Amr Moussa: Islamists won't take power in Egypt

Arab League chief, Egyptian presidential hopeful says Islamists will have place in democratic state; advocates presidential system.

By REUTERS
April 11, 2011 17:24
1 minute read.
Egyptian Arab League Chief Amr Moussa

Arab League chief Amr Moussa Egypt 311 (R). (photo credit: REUTERS/Abdallah Dalsh)

CAIRO - Arab League chief Amr Moussa, a leading contender to become Egypt's next president, said Islamists will not take power in the country but are bound to be a player on the political scene.

"Egypt will be a democratic state and will not regress," Moussa told newspaper al-Hayat in remarks published on Monday.

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"There will be an Islamic element -- or an element based on an Islamic reference, as the constitution says -- in Egypt's political body," he said.

Moussa, 74, said his age meant he would stand for only one term and had already drafted his campaign manifesto.

Secretary-General of the Arab League since 2001, Moussa declared his candidacy for the Egyptian presidency after a popular uprising toppled Hosni Mubarak from power on Feb. 11.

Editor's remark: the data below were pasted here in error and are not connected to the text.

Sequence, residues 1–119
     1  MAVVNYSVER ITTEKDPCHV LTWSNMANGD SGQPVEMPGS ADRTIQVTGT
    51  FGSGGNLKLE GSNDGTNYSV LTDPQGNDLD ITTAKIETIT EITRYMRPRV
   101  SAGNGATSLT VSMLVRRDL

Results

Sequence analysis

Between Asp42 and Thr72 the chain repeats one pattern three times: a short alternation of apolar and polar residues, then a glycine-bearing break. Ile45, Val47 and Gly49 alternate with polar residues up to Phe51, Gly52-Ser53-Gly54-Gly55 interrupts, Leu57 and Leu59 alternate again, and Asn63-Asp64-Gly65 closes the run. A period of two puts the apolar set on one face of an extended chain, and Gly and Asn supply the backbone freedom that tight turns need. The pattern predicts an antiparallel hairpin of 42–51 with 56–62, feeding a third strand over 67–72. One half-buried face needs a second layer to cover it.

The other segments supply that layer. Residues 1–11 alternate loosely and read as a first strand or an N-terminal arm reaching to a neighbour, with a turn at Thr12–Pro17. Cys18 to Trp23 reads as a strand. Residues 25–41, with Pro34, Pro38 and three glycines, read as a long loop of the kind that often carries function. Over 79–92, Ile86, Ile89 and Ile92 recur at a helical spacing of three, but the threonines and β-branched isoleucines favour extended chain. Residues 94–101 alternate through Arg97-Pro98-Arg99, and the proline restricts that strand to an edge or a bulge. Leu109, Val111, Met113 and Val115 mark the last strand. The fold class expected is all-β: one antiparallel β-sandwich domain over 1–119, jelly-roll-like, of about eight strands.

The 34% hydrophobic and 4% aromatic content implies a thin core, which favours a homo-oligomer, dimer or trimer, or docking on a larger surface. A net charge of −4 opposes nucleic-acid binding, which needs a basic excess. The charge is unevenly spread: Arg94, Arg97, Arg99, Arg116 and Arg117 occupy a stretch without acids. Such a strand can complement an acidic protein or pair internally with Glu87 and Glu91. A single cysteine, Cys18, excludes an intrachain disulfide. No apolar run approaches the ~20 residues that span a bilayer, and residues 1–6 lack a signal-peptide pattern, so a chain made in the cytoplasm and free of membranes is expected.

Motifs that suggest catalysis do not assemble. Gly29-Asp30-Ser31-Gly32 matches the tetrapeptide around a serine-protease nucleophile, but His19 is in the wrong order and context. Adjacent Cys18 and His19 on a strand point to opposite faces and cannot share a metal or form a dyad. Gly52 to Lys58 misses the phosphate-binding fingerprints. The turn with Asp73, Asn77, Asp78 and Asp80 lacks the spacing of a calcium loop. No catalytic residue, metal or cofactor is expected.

The country is now run by a military council which has promised free and fair parliamentary and presidential elections by the end of the year.

Mubarak's three decades of autocratic rule made it almost impossible for anyone to challenge the dominance of his National Democratic Party, which dealt crushing defeats to its rivals in elections that his critics say were rigged.

Egypt's public prosecutor is now investigating Mubarak as part of probes into the killing of prosecutors and embezzlement of public funds, although the ousted president says allegations against him are lies.

Moussa said Egypt needed a presidential, not parliamentary, system of government for the immediate future because political parties were still too weak.

"Party activity and interaction, and the building of strong political currents, need a period of time," he said. Egypt "should be a presidential state for the coming years in the absence of strong parties."

Asked whether he feared the rise of Islamists in Egypt, Moussa replied: "Radical Islamist groups are too weak to pounce on power, but the desire for leadership will remain."


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